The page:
We had rain before dawn, and it was still dark when I got up. But sunrise fired orange out of a clear violet sky soon after I sat on the couch with coffee, a comforter, and Sam the Cat. Mary has been getting up early to go walking with some friends of hers, so I had an hour or so to sit and just think.
Later on in the morning I went out on foot to do the walk up the hill. From the West heights you could see Catalina, the Spruce Goose dome in Long beach, and the giant cranes in the Long Beach harbor. Perfect morning - bright sun, white clouds, deep blue sky.
So I took the long way around, and walked down to the corner. John's shopping bag was tucked under the table just outside Starbuck's door, but John was nowhere around. The long way around adds up to about eight miles, most of it through hills. I was tired enough to just want to sit for a while. I got coffee, and took a table in the sun.
Among the features of most of the nightmare dystopia of the future type stories is that everybody- men, and women alike, wears the same uniform. Everything is colorless. There is no variety of style. It is sameness piled on sameness. Conformity of appearance, thought, and behavior.
I get on this tear every now and again- comparing the present to what I long ago thought/feared the future would be. Sometimes it just comes on me- I feel like I'm watching a movie, or something, but I start running down the check list. Like today as I sat at the patio just outside of Starbucks resting up from the hike. Stuff I couldn't help but notice- Slovenliness. Every man I saw wore shorts, or jeans, and every one walks around with their shirt hangin' out. Same for every woman I saw. They dressed no differently. And everyone was drab. olive. khaki. gray. With the exception of a couple of women who walked by wearing dresses, everyone there looked like they were ready to dig into some yardwork. And the two women who were wearing dresses wore wash 'n wear hairstyles, little make up, and went bare legged. In short, they looked like crap. Everyone did. I remember visiting New York City back in '87. One of the things that blew me away about the city was that people dressed well. Everywhere. Los Angeles is much more casual. But we've let the bottom fall out of casual, even. Now it's just- whatevar.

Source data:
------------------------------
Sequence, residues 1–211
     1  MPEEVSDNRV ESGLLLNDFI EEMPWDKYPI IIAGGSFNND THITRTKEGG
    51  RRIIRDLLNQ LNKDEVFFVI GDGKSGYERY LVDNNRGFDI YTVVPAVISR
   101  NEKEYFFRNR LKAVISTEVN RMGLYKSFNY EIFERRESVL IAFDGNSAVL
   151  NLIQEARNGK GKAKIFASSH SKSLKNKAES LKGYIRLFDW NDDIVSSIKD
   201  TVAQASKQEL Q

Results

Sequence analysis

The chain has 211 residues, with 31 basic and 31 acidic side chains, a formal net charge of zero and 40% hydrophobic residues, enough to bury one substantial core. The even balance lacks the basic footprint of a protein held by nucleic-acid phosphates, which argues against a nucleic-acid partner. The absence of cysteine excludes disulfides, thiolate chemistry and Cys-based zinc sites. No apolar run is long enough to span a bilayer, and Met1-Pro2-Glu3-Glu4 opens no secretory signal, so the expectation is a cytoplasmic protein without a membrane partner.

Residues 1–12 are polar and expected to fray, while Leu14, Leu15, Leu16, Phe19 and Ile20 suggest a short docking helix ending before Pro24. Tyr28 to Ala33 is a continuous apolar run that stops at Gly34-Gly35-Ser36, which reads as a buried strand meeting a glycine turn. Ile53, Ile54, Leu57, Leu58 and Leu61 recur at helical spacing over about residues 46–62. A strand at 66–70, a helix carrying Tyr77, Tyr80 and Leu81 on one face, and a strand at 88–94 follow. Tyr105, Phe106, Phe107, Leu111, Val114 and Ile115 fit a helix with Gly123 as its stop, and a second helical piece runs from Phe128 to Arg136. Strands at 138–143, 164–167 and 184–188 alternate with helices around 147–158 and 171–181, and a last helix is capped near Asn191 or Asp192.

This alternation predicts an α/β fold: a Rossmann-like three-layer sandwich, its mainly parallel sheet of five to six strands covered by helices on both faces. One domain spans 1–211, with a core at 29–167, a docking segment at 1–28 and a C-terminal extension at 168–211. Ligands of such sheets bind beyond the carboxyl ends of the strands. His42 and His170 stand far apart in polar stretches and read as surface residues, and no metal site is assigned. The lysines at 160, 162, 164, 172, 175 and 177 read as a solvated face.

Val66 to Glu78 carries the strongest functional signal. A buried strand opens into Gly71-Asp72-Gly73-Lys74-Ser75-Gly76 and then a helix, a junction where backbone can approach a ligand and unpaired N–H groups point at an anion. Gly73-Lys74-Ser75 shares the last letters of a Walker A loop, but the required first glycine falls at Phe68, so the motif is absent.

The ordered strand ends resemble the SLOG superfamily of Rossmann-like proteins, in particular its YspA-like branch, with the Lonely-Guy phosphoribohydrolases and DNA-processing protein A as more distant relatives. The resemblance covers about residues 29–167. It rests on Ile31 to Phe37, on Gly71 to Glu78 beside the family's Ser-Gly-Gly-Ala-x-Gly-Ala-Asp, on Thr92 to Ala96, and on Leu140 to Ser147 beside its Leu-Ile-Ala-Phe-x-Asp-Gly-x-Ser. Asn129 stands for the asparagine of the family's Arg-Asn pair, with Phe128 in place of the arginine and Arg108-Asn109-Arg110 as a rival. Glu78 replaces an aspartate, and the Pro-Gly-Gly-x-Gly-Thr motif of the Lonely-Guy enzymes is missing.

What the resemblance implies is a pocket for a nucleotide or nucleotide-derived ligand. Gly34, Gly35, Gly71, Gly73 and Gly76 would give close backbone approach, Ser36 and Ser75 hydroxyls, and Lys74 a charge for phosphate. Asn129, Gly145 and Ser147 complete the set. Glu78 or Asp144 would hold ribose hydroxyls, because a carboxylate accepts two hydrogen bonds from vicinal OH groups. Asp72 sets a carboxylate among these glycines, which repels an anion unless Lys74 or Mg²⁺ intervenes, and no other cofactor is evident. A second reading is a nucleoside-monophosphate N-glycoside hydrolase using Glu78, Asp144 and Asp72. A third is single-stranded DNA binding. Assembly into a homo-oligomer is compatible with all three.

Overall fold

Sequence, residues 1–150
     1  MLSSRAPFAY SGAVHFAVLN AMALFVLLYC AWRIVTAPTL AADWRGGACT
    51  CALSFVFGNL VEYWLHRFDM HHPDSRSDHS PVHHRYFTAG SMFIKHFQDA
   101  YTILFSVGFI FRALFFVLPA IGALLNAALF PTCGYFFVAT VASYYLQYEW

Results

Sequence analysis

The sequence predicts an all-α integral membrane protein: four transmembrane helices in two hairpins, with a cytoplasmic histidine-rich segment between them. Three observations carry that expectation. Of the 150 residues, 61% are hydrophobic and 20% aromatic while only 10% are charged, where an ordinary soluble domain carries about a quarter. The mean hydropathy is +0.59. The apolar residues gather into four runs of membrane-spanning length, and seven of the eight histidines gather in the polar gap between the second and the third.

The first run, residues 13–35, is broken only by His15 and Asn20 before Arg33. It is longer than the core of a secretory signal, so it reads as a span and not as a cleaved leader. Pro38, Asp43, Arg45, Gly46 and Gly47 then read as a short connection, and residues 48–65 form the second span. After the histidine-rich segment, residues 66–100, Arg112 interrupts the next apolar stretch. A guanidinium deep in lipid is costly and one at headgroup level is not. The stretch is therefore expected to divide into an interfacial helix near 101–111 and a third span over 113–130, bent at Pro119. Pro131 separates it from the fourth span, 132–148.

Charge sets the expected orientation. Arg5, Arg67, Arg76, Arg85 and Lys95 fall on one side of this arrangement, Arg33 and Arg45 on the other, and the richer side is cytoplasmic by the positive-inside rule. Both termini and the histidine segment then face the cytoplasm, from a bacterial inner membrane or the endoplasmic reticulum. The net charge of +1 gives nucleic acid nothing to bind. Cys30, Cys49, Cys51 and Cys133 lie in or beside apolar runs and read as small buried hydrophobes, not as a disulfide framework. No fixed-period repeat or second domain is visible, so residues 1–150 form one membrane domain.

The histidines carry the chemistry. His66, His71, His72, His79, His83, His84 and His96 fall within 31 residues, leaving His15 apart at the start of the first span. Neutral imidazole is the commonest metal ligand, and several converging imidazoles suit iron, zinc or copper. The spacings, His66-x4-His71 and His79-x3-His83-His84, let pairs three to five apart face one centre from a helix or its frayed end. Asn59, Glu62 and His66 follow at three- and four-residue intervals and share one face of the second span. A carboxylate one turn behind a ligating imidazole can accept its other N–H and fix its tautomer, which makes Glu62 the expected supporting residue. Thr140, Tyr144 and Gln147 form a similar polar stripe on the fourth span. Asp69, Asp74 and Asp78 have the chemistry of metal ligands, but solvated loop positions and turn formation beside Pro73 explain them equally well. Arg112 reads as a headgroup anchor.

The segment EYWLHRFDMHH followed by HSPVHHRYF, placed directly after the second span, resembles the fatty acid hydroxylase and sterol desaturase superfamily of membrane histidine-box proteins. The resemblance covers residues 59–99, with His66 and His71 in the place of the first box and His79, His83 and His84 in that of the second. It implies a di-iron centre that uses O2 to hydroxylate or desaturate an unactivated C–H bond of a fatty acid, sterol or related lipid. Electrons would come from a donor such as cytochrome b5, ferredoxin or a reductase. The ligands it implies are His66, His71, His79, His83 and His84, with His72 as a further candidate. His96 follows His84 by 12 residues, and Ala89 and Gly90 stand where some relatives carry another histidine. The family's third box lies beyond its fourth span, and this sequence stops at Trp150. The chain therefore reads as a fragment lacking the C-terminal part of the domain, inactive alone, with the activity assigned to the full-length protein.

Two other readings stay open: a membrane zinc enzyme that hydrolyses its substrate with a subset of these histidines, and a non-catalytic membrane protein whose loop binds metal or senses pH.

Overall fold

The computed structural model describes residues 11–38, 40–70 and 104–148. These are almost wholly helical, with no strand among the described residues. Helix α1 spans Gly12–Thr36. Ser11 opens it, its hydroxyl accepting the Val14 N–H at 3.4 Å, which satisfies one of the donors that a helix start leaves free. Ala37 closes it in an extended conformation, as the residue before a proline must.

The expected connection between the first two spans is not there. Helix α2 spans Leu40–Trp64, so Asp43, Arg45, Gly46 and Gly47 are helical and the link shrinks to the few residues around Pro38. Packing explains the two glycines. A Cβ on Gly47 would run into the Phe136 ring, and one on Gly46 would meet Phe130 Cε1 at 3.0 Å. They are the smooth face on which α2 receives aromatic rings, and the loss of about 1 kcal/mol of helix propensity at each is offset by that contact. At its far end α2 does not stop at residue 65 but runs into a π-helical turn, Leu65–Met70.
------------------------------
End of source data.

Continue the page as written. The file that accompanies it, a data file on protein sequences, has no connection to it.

And yes, everyone's more comfortable. Men aren't wrestling with ties, and women aren't wrestling with pantyhose. No one needs the dry cleaner any more. But a great measure of civility, and beauty has been lost to the world. We have become comfortably drab.
And what was odd, too is that I noticed the drabness extended to the parking lot. There were three or so generic classes of vehicle- SUV type, sedan type, vans, trucks, but within those classes the vehicles were virtually indistinguishable. You couldn't tell a Ford from a Subaru, from a Toyota. Not only that, but I noticed how few cars in the lot came in any real color. Most were silver, white, or some variant of brown/beige. Some were redish, or blueish, but there was not a vehicle in sight that you could easily pin a color on. More drab. Like the music coming out of Starbucks. They don't have to turn pop tunes into Muzak any more. The musicians seem to have volunteered to provide insipid fare. And when you walk in there, the headlines in the LA Times echo the headlines in the New York Times, and they both echo the networks... More of the sameness.
I hate when this stuff starts to get to me. But sometimes it just does. After a while I got up, and left. I saw old John at the corner of Beach, and Whittier. He was standing in the island in the middle of Beach wearing bright kelly green slacks, a sea green jacket, and a yellow shirt. He had been across the street at Fresh & Easy. You can get their day old food quite cheap if you know where to look. John does. I waited for him, and then we walked back to the corner, and talked a bit. And that was the morning.